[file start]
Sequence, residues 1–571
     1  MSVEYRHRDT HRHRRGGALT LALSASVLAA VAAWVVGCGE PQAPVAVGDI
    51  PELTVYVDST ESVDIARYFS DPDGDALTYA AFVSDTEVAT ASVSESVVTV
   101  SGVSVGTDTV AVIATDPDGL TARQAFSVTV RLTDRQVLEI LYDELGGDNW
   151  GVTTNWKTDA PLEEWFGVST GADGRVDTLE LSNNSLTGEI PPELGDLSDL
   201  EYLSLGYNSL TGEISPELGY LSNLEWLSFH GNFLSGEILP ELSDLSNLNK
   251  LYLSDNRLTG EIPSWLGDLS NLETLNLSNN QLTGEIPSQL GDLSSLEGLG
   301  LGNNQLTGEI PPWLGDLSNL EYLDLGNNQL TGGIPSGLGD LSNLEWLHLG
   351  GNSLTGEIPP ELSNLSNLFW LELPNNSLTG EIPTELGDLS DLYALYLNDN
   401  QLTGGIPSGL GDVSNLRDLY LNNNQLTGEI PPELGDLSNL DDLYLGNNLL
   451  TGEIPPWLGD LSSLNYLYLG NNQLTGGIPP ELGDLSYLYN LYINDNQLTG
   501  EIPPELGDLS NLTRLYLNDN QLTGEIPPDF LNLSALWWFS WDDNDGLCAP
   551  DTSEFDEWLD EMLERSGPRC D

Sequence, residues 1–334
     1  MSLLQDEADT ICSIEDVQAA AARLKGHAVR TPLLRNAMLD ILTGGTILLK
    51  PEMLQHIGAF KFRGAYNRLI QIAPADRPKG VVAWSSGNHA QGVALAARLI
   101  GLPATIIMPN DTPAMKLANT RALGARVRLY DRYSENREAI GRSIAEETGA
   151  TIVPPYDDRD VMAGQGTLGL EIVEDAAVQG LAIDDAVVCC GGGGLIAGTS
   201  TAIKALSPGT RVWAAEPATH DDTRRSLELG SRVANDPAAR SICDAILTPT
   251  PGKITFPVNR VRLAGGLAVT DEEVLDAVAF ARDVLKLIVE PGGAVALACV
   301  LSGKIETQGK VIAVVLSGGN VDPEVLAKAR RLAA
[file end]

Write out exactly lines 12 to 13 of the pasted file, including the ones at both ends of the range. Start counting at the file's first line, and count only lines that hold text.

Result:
   501  EIPPELGDLS NLTRLYLNDN QLTGEIPPDF LNLSALWWFS WDDNDGLCAP
   551  DTSEFDEWLD EMLERSGPRC D